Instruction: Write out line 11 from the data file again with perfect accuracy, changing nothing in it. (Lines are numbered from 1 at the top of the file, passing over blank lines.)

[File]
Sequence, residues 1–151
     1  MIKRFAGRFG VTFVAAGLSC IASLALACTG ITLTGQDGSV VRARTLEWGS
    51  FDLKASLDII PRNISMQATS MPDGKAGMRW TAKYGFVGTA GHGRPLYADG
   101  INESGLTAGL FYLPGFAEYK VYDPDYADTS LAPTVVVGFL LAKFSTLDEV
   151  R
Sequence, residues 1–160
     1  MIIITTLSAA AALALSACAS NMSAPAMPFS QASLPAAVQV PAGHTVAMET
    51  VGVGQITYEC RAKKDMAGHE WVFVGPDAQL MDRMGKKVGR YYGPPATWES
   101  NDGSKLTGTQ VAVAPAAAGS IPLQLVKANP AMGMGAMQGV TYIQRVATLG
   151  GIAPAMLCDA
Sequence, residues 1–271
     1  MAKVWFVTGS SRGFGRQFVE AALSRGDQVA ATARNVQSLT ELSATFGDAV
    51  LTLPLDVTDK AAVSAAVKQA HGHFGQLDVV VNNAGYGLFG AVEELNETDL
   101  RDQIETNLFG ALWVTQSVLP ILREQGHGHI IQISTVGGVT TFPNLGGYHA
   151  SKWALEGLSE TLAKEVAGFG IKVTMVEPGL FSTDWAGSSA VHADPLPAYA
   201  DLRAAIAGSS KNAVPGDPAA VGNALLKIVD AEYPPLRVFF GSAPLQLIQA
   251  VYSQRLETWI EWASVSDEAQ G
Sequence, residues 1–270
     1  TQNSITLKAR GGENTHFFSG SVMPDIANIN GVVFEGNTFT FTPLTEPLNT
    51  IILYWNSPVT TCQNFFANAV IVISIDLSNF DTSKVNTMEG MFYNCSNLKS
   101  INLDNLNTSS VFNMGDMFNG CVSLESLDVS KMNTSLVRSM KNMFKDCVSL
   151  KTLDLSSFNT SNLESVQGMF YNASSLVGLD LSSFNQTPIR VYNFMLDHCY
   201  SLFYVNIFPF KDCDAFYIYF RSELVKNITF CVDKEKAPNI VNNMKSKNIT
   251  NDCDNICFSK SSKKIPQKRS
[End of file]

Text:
Sequence, residues 1–271